society vulnerable to technological blunders that undermine the
prospect of sustainability.[9]


[1] D. Sarewitz, Frontiers of Illusion: Science, Technology, and the
Politics of Progress. Philadelphia, PA: Temple Univ., 1996.

[2] T. Colborn, D. Dumanoski. and J. Peterson Myers, Our Stolen
Future: Are We Threatening Our Fertility: Intelligence, and Survival?
-- A Scientific Detective Story. New York, NY: Dutton, 1996.

[3] S. Krimsky, Hormonal Chaos: The Scientific and Social Origins of
the Environmental Endocrine Hypothesis. Baltimore, MD: Johns Hopkins
Univ. Press, 2000.

[4] G.M. Solomon and T. Schettler, "Endocrine disruption and potential
human health implications," Canadian Med. Assoc. J., vol. 163, no. 11,
pp. 1471-1476, 2000.

[5] P.L. deFur, "Public policy recommendations to address endocrine
disrupting chemicals," Biotechnology International, vol. 2, pp.
230-234, 1999.

[6] J. Thornton, Pandora's Poison: Organochlorines and Health.
Cambridge, MA: MIT Press, 2000.

[7] J. Thornton, "Chemicals policy and the precautionary principle:
The case of endocrine disruption," in Science and the Precautionary
Principle, J. Tickner, Ed. Washington, DC: Island, to be published.

[8] C. Raffensperger and J. Tickner, Eds. Protecting Public Health and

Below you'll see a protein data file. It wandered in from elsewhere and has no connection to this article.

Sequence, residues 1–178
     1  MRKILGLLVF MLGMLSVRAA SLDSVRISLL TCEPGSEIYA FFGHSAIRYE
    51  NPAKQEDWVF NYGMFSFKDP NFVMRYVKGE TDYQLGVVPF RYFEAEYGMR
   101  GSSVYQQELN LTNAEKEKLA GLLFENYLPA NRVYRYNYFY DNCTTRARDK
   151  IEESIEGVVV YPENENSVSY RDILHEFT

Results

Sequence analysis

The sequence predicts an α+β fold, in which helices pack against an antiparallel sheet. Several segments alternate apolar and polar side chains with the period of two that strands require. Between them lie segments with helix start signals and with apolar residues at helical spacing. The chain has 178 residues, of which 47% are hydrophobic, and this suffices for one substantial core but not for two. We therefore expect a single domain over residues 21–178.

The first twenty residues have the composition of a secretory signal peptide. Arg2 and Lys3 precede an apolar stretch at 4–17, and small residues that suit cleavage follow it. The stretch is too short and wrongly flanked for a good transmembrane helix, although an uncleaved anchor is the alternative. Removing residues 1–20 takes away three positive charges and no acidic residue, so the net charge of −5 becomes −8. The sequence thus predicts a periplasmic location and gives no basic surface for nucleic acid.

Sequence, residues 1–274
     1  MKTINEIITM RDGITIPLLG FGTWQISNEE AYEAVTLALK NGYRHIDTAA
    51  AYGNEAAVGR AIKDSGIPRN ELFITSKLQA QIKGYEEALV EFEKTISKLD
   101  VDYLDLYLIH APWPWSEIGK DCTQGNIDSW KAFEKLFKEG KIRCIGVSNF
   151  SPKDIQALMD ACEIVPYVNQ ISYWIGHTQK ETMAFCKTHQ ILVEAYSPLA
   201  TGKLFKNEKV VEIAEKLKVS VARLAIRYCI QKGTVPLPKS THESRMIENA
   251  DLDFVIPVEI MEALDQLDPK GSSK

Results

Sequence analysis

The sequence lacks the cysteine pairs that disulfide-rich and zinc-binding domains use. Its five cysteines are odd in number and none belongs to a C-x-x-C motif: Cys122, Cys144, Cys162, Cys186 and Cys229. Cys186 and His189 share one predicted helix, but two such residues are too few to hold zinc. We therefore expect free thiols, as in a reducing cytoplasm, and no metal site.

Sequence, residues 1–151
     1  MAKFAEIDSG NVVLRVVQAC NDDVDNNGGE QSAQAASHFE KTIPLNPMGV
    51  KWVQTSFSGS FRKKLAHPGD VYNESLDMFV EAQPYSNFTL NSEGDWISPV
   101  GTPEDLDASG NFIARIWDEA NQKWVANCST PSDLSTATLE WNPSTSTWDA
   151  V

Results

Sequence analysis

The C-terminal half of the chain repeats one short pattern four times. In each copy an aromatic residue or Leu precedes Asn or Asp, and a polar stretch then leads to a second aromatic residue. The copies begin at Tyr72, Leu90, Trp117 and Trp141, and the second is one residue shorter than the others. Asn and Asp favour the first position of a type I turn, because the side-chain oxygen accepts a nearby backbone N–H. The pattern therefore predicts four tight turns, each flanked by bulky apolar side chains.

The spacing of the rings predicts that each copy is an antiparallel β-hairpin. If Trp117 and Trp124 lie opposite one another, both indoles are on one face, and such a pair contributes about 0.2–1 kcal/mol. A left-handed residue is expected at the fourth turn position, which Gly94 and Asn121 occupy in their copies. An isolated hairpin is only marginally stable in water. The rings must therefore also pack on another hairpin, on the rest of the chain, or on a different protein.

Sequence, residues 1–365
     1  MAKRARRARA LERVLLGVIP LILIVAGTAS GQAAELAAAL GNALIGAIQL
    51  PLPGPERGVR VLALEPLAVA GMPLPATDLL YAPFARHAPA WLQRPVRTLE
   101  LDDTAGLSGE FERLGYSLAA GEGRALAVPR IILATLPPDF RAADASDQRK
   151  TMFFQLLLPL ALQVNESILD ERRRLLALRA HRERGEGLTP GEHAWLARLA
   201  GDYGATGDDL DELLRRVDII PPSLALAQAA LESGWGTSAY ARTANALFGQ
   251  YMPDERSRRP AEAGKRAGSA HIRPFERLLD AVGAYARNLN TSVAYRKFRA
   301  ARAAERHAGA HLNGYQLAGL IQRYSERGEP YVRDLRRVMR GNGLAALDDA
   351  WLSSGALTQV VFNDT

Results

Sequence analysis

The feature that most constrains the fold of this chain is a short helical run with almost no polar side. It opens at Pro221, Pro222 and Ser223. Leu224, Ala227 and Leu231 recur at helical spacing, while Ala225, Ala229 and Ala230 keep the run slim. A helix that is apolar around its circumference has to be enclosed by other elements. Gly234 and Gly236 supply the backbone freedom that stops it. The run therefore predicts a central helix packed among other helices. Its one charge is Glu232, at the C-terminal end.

the Environment: Implementing the Precautionary Principle. Washington,
DC: Island, 1999.

[9] Late Lessons from Early Warnings: The Precautionary Principle
1896-2000. European Environment Agency: Copenhagen, 2001.

[10] N. Myers, "Environmental unknowns," Science, vol. 269, pp.
358-360, July 21, 1995.

[11] N. Myers, 'Two key challenges for biodiversity: Discontinuities
and synergisms," Biodiversity and Conservation, vol. 5, pp.

[12] S.O. Funtowicz and J.R. Ravetz, "Uncertainty, complexity and
post-normal science," Environmental Toxicology and Chemistry, vol. 13,
no. 12, pp. 1881-1885, 1994.

[13] B. Wynne, "Uncertainty and environmental learning: Reconceiving
science and policy in the preventive paradigm," Global Environmental
Change, vol. 2, no. 2, pp. 111-127, 1992.

[14] M. O'Brien, Making Better Environmental Decisions: An Alternative
to Risk Assessment. Cambridge MA: MIT Press, 2000.

[15] C. Bright, "Anticipating environmental 'surprise'," in State of
the World 2000: A Worldwatch Institute Report on Progress Toward a
Sustainable Society, L. Brown et al., Eds. New York, NY: Norton, 2000,
pp. 22-38.